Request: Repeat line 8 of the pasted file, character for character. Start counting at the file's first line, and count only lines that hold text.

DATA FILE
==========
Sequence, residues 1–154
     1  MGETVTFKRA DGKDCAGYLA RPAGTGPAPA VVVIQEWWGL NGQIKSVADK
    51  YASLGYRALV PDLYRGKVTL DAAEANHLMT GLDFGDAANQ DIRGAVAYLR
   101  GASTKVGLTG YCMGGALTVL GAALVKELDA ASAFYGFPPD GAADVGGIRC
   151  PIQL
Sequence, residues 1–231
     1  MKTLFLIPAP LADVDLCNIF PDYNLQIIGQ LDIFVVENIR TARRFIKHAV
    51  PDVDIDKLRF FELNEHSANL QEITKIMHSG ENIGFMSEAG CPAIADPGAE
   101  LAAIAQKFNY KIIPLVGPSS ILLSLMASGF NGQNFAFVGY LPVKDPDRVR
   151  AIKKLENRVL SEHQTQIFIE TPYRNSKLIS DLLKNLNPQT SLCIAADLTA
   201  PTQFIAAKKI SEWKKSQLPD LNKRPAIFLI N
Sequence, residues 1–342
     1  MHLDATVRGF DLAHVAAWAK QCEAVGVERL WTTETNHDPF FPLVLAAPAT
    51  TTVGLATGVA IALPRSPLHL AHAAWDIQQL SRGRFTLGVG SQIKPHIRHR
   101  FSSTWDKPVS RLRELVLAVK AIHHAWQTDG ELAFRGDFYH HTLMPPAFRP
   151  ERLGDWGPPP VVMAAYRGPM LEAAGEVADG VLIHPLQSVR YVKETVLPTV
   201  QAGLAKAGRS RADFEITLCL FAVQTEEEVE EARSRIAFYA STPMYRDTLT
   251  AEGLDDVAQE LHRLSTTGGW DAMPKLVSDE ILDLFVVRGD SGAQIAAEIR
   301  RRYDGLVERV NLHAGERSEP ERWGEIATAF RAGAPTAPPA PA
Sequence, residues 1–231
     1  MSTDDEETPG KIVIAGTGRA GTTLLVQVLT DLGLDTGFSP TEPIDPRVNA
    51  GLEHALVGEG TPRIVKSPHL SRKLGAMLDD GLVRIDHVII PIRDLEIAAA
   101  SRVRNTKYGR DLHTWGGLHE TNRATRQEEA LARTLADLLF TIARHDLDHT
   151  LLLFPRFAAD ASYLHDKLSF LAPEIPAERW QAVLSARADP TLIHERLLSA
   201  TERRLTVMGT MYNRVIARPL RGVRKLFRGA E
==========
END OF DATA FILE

    51  PDVDIDKLRF FELNEHSANL QEITKIMHSG ENIGFMSEAG CPAIADPGAE